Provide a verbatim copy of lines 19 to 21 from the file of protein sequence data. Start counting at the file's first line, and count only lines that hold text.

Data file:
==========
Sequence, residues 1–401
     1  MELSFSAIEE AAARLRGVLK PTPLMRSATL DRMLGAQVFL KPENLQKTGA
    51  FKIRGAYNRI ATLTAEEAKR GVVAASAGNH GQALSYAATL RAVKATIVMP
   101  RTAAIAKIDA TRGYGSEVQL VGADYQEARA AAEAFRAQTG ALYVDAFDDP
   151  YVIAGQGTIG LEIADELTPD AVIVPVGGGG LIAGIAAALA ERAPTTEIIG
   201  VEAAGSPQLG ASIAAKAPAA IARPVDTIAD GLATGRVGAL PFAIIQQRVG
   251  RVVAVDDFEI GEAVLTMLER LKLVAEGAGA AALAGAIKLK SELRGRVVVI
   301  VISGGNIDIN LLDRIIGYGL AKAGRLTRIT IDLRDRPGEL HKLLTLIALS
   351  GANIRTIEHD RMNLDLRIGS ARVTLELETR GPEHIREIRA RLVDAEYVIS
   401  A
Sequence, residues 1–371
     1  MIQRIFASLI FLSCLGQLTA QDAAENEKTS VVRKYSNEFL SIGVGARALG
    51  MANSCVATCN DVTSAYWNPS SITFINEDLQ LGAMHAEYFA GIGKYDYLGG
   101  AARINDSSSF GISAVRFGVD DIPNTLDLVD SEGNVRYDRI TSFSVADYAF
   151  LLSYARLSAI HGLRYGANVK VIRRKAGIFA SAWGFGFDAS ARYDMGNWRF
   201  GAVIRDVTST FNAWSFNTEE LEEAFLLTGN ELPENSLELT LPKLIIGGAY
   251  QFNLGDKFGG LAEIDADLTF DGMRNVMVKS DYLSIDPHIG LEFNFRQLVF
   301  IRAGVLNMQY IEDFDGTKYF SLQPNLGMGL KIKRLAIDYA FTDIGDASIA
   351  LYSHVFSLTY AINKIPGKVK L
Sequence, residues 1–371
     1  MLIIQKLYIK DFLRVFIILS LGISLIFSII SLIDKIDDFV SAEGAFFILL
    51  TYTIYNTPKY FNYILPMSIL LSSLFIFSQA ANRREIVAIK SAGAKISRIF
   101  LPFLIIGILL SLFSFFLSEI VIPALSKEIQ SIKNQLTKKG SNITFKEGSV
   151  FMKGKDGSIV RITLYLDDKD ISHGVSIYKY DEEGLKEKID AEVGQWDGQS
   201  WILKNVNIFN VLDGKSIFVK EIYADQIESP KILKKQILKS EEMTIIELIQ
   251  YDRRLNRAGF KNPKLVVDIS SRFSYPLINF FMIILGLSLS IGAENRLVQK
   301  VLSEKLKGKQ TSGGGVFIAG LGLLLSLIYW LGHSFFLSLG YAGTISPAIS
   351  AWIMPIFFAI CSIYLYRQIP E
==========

   351  LYSHVFSLTY AINKIPGKVK L
Sequence, residues 1–371
     1  MLIIQKLYIK DFLRVFIILS LGISLIFSII SLIDKIDDFV SAEGAFFILL